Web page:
The correspondence between Mr. Adams and Lord Russell about the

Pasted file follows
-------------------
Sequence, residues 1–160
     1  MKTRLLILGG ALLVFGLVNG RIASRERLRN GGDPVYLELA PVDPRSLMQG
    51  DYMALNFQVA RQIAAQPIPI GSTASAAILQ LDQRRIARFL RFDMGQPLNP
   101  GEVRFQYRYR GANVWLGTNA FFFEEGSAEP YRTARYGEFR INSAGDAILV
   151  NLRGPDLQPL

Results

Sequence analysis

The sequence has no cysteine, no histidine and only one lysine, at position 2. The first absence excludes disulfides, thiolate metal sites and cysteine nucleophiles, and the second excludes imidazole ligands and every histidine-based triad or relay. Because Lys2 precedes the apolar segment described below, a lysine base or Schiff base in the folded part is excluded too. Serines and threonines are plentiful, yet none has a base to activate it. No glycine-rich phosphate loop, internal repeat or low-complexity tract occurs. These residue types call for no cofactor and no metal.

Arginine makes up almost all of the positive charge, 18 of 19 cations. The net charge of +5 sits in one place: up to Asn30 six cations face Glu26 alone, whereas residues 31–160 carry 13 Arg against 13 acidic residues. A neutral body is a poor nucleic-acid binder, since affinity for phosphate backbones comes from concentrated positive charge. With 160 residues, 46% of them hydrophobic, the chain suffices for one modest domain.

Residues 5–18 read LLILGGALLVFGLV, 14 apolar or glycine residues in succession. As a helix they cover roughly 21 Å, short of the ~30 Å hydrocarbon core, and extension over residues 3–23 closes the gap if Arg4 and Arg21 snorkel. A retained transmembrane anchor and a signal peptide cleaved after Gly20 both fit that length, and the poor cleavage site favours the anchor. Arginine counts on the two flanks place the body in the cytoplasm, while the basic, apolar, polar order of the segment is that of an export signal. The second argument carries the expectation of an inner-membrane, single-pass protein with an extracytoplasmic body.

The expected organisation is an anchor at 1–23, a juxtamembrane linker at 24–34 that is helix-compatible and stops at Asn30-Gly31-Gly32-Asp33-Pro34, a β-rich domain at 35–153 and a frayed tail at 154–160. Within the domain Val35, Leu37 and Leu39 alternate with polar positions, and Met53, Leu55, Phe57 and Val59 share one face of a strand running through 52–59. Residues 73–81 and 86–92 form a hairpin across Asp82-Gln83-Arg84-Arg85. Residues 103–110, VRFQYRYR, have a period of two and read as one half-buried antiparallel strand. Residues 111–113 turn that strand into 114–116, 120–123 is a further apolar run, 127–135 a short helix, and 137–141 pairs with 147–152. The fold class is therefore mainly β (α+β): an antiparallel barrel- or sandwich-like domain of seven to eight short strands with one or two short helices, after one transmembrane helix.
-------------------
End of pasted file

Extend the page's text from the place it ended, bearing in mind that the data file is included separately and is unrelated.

iron-clads in the Mersey has been published, and, of course, some of Mr. Adams's letters seem to us to be written in a tone of unreasonable menace. It is, in all probability, the very tone which we should have adopted under similar circumstances, but it does not on that account follow that it would be the wisest or most dignified. Even after Lord Russell's avowal of his intention to stop the iron-clads, Mr. Adams does not immediately calm down, and Lord Russell writes to him on the 25th September last that the line adopted renders it incumbent on him to state frankly that in- timations of hostility will not induce the British Governor ent " either to overstep the limits of the law, or to propose to Parlia- ment any new law which they may not for reasons of their own think proper to be adopted." The last clause, however, covers the whole case. Of course menaces would tend most powerfully to deter us from altering the Foreign Enlistment Act, however much we were ashamed of its inefficiency. But if it proves absolutely inefficient, there will be ample "reasons of our own" for strength- ening it, without any reference to America.